Yeah. Those are good questions. I think from our standpoint – let me just answer the last part of your question first. So, the eligibility review committee is working very well with the sites. We haven’t had a whole lot of issues either with transferring images or – not to say we haven’t had some but we haven’t had many, and we are also not seeing the eligibility review committee really getting in the way of the sites actively screening and enrolling patients. Again, there have been some issues here and there but not anything that we would say that’s really a concern for us.
I think the things that – with respect to the screening versus randomization, we are continuing to see that improve, and again without getting into specific numbers – what we had expected is that – it would start out with that fraction, it would start out relatively low and improve as the sites gained experience with the protocol, and that’s exactly what we are seeing.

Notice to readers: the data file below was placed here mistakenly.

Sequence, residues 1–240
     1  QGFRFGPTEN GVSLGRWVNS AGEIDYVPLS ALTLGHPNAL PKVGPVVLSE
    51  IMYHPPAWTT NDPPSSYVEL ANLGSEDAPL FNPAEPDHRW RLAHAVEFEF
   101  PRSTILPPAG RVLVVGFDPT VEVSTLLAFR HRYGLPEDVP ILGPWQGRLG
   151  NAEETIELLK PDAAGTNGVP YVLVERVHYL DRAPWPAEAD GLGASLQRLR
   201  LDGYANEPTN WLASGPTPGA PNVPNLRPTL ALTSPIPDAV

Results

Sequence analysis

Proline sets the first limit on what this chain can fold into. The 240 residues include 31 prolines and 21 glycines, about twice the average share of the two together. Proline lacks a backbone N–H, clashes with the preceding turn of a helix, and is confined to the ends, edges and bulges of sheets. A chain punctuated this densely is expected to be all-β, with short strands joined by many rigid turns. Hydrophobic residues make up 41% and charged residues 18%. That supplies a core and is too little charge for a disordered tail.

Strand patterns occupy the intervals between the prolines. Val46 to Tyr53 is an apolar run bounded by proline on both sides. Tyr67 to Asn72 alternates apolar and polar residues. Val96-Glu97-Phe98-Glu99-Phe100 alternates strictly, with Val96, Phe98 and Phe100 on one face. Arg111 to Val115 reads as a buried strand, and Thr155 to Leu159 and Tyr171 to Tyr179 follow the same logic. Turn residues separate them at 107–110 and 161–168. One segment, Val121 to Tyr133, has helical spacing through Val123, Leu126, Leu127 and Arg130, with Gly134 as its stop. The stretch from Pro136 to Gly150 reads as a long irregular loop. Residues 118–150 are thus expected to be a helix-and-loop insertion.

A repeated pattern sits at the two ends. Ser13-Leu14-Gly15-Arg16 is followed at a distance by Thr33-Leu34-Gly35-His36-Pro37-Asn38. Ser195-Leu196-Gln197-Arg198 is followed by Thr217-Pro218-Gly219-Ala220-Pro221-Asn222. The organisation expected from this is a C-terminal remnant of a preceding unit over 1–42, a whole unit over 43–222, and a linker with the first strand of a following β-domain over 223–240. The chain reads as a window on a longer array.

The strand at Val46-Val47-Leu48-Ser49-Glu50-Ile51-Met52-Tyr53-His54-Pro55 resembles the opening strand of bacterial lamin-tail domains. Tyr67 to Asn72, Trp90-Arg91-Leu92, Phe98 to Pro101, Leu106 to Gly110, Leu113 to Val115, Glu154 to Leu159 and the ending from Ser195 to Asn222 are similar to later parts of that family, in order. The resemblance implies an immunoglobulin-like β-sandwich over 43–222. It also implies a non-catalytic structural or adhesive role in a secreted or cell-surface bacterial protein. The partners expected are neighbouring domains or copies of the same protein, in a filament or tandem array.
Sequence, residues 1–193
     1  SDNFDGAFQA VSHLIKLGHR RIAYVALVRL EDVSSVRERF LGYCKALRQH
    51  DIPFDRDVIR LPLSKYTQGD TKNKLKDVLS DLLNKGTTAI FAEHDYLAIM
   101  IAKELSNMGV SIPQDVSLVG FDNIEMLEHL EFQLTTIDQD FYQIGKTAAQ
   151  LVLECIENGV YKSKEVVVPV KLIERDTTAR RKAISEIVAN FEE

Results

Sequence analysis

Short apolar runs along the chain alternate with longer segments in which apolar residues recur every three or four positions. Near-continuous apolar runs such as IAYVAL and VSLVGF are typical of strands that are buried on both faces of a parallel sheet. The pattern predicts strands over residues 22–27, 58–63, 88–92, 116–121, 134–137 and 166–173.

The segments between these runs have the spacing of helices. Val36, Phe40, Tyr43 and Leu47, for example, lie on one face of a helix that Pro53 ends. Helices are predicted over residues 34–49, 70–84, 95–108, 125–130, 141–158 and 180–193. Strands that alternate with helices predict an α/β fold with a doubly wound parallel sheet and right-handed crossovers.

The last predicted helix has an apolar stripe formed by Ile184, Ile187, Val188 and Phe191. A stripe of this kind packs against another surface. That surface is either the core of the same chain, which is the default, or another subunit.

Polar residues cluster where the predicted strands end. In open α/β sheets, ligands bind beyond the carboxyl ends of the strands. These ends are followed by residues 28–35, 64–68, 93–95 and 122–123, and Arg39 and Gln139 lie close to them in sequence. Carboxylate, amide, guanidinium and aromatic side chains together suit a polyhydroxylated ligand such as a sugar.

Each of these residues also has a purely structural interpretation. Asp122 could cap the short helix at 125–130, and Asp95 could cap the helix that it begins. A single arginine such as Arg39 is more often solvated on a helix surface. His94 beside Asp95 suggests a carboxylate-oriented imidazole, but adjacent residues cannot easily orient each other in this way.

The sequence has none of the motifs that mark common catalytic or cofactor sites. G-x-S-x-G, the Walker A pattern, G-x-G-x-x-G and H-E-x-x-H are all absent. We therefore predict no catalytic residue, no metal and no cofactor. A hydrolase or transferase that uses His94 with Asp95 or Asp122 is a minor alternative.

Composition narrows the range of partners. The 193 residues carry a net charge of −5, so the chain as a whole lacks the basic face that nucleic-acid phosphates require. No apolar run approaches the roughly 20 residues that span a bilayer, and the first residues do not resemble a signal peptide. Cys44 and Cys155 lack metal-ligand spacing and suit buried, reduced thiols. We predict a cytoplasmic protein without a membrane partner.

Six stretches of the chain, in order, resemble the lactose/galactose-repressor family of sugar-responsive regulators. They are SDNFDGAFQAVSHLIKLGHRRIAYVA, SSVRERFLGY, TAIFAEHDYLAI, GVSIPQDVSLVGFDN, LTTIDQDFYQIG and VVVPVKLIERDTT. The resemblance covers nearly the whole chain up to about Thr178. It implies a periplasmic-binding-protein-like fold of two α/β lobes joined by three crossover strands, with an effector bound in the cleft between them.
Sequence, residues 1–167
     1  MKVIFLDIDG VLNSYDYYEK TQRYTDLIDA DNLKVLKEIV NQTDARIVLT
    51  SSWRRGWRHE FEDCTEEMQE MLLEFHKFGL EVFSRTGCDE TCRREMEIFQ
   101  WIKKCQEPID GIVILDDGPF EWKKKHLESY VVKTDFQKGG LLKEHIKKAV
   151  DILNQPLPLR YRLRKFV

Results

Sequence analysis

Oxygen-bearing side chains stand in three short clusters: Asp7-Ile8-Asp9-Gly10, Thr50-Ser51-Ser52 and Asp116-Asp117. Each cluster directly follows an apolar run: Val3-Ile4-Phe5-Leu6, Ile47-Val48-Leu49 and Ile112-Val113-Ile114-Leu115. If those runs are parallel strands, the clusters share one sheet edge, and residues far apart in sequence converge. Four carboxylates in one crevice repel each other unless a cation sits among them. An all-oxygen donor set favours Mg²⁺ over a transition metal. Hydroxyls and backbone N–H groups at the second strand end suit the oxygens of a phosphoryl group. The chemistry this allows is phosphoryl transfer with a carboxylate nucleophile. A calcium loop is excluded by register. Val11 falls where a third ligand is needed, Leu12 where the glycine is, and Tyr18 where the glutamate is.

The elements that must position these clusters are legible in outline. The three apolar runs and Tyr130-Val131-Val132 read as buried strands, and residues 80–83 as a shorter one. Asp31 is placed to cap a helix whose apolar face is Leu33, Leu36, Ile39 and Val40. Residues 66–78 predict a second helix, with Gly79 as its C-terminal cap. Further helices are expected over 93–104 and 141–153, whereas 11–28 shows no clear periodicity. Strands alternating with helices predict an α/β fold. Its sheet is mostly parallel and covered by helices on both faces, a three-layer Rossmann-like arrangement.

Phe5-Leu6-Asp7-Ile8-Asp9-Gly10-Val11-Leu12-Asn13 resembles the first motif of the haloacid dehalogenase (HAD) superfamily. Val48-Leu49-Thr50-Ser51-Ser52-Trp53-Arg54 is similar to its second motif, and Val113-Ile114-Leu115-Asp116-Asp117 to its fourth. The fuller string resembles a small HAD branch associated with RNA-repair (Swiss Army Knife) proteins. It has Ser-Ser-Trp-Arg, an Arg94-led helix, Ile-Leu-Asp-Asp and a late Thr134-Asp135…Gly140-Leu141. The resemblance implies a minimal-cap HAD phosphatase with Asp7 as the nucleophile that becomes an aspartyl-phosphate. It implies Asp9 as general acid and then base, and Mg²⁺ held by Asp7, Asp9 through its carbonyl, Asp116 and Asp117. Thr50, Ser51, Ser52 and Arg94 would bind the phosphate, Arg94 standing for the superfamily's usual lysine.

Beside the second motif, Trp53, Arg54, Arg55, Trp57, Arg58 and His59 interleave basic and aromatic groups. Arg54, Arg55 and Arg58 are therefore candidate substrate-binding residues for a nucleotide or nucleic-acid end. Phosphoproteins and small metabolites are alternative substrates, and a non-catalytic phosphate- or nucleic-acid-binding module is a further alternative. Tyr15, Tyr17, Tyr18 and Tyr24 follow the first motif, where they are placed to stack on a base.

So, the number of patient that we are screening to get patients randomized over this last three months or so has improved nicely. Again I know that that doesn’t help you a lot because I’m not giving you quantitative numbers. But we are having to screen fewer patients to get the 16 additional patients that we enrolled in the study.
Jason Napodano - Zacks
Got you, that’s helpful Tim, thank you.